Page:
Summer reading: 'New Threats to Freedom' 

Fusionism is alive and well. Despite attempts to divide and conquer this sometimes delicate coalition of libertarians and conservatives, the bonds are holding. Of course, there's nothing like a statist juggernaut, some troubling trends and a good editor to unite people in common cause.

One such cause is a new book called New Threats to Freedom. I have a chapter in the book so I'm admittedly biased. But I think readers will find editor Adam Bellow has assembled a group of writers who tackle not only the question of what constitutes freedom's subtler and more insidious threats, but the question of what freedom means. Despite its diversity, this group keeps the virtue of toleration intact while challenging the reader in ways that both enlighten him and leave him wanting more.

Indeed, Bellow chose his authors with the artfulness of a good casting director. One can almost hear him thinking to himself as he imagines which writers might work: What would it be like if I put Christopher Hitchens (the atheist) and Mark Helperin (the believer) together and asked them to talk about the same broad theme? Like a game with cellular automata, it starts out deceptively simple but turns out in ways no one can predict. Still, there is unity to the volume--organic unity, perhaps. I think Bellow wanted it that way.
Consider some of the voices and their topics:

  • Christopher Hitchens worries about multiculturalism. Even as intolerant radicalism looms, multiculturalism confuses group rights and individual rights. The former threatens to supplant the latter.
  • Katherine Mangu-Ward warns of a reflexive willingness to give up on Isaiah Berlin's "negative liberty," the idea that freedom is a sphere of non-harm, rather than a state guarantee of fulfilled potential.
  • Christine Rosen observes the reemergence of discredited behaviorism in new strands of socioeconomic thought. Under this view, people are to be conditioned by wiser elites.
  • Robert D. Kaplan laments our twenty-four hour news cycle, especially in its tendency to produce a "populist dictatorship." This mob can destroy critical information, context and connection to longer-term narratives upon which freedom depends.
  • David Mamet happily lets Bellow direct the show while he plays the role of iconoclast, raging against the so-called Fairness Doctrine. 


Heck, there are a slew good writers in this volume. See for yourself. (Many of these folks are my intellectual heroes. To write alongside them means I scratched an item off my bucket list.)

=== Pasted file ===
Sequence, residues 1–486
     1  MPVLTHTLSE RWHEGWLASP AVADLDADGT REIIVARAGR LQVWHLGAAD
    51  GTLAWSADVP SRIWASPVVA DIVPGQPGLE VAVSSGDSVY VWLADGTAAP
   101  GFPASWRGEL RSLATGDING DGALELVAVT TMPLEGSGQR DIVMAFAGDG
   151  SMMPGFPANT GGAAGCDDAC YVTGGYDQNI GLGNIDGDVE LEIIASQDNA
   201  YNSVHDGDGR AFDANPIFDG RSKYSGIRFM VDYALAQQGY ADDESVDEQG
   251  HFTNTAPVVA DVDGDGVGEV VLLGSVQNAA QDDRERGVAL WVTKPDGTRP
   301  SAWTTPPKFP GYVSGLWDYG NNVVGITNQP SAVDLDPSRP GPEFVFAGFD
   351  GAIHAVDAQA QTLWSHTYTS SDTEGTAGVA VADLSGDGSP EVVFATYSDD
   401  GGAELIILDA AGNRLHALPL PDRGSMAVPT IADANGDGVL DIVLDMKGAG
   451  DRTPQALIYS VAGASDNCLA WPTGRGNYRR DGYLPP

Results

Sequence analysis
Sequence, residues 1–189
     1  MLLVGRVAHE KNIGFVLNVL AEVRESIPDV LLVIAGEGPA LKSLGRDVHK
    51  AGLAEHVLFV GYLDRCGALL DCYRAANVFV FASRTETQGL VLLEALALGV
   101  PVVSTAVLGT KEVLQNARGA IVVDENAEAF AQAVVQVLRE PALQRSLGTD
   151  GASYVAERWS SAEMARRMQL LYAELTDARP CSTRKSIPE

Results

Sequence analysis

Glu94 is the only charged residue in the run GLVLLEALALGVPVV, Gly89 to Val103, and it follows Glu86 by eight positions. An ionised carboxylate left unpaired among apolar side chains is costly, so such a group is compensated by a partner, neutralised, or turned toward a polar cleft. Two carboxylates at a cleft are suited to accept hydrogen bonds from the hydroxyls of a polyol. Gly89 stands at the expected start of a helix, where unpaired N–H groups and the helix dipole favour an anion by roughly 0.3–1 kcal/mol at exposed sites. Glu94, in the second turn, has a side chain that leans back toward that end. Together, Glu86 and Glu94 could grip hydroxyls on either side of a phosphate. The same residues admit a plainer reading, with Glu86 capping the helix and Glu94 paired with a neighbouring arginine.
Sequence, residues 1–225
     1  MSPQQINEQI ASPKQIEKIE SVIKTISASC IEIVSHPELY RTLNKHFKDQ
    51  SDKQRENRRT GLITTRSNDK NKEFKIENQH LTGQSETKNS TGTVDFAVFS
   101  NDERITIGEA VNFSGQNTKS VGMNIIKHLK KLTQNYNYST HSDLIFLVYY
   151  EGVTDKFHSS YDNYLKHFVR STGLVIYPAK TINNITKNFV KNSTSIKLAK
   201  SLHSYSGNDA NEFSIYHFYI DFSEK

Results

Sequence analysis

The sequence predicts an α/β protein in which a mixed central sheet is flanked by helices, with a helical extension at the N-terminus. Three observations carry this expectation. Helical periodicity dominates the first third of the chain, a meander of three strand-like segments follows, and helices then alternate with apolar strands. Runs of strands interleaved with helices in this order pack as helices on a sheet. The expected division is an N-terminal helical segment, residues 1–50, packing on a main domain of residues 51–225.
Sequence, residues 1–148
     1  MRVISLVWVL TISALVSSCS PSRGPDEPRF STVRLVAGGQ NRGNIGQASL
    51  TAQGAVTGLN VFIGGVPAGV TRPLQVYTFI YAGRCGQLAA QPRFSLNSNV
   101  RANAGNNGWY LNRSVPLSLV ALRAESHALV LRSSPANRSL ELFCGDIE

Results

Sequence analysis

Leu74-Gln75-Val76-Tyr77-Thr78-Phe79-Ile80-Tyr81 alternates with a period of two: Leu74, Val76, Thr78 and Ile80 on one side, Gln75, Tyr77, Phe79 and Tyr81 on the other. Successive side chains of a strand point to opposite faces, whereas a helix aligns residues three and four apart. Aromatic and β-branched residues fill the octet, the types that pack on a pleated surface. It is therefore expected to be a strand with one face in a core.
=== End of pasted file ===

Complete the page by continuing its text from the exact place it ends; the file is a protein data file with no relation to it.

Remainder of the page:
Glenn Reynolds sees the tea parties as an antidote to complacency. He reminds us that "Complacency, it turns out can't be counted on. When liberties are threated, Americans will still "rise up almost as a natural force, much as night follows day," and that's a very good thing--at least for those outside the political class."  

Consider this eye-opening passage from Chris Norwood, founder of Health People, describing mass dependency--specifically the co-dependence between the welfare-state bureaucracy and its wards:

In many AIDS residences clustered in the South Bronx, for example, the hundreds of "clients" routinely had three, four or five "case managers" -- that is, social workers. There would be a case manager at the residence, another at the medical clinic, another at the drug treatment center, and yet another at the city welfare agency; clients were well advised to keep an endless succession of appointments with all of them lest they be found "out of compliance" and have their benefits suspended. 

What sorts of perverse incentives arise when an army of social workers become dependent on people in need? Norwood suggests its not clear that need creates 'demand' for the entitlement state--but the reverse in fact. 

Elsewhere, Richard Epstein, who quite sensibly cuts the Gordian Knot on the question of gay marriage, asks: "[W]hence comes the state power to license marriage, an institution that long antedates the modern state[?]" I've wondered that myself. If we get the state out of marriage licensing altogether, contracts and civil procedure can address the details associated with "unions" between and among people. Marriage would remain the province of churches and private groups alone, who can make their own rules about same-sex ceremonies.

In any case, solidarity is often an unsavory word for individualists. But that's clearly what we need right now. Adam Bellow offers us a means to lock arms, not just around a common concern, but around an organizing framework of liberty--however vaguely that framework might be sketched by thirty, very different thinkers. I'm reminded of the elephant allegory: Put enough smart, freedom-loving folk around the beast and we'll start to get a pretty good picture.
If I had a critique of the book, it would be that it should be twice as thick. As Michael Gibson writes, he'd like to see more on "democratic sclerosis and the decline of nations, increasing centralization of power, democratic fundamentalism, [and] the church of unlimited government..." Gibson's primary criticism is that "it doesn’t examine the tensions between democracy and liberty." I agree. As honored as I am to have written for the volume, there are so many more chapters to be written: one called "Democracy as Golden Calf;" another called "The Centralization of Happiness;" and another called "The Specter of Keynes." There are just so many threats to freedom.
But in this book, you'll find plenty to keep you concerned and engaged -- until, perhaps, a Volume II comes out.

(Note: I'll be discussing the book tonight on Hugh Hewitt's radio show if you want to tune in.)

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Max Borders

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